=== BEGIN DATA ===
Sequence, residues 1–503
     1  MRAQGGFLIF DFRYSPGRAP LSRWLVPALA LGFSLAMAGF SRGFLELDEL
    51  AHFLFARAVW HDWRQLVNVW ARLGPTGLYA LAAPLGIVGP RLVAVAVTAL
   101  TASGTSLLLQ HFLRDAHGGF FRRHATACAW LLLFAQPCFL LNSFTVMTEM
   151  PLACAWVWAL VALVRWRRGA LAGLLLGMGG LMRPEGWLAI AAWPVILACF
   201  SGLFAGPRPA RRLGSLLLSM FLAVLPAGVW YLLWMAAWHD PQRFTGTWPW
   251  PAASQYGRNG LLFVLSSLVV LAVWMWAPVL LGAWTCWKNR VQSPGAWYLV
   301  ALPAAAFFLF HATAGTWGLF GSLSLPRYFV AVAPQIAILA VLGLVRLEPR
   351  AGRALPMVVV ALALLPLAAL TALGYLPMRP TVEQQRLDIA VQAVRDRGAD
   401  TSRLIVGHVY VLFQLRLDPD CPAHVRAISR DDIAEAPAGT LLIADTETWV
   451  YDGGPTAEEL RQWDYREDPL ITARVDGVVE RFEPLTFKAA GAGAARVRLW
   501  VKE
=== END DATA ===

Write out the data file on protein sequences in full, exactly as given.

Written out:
Sequence, residues 1–503
     1  MRAQGGFLIF DFRYSPGRAP LSRWLVPALA LGFSLAMAGF SRGFLELDEL
    51  AHFLFARAVW HDWRQLVNVW ARLGPTGLYA LAAPLGIVGP RLVAVAVTAL
   101  TASGTSLLLQ HFLRDAHGGF FRRHATACAW LLLFAQPCFL LNSFTVMTEM
   151  PLACAWVWAL VALVRWRRGA LAGLLLGMGG LMRPEGWLAI AAWPVILACF
   201  SGLFAGPRPA RRLGSLLLSM FLAVLPAGVW YLLWMAAWHD PQRFTGTWPW
   251  PAASQYGRNG LLFVLSSLVV LAVWMWAPVL LGAWTCWKNR VQSPGAWYLV
   301  ALPAAAFFLF HATAGTWGLF GSLSLPRYFV AVAPQIAILA VLGLVRLEPR
   351  AGRALPMVVV ALALLPLAAL TALGYLPMRP TVEQQRLDIA VQAVRDRGAD
   401  TSRLIVGHVY VLFQLRLDPD CPAHVRAISR DDIAEAPAGT LLIADTETWV
   451  YDGGPTAEEL RQWDYREDPL ITARVDGVVE RFEPLTFKAA GAGAARVRLW
   501  VKE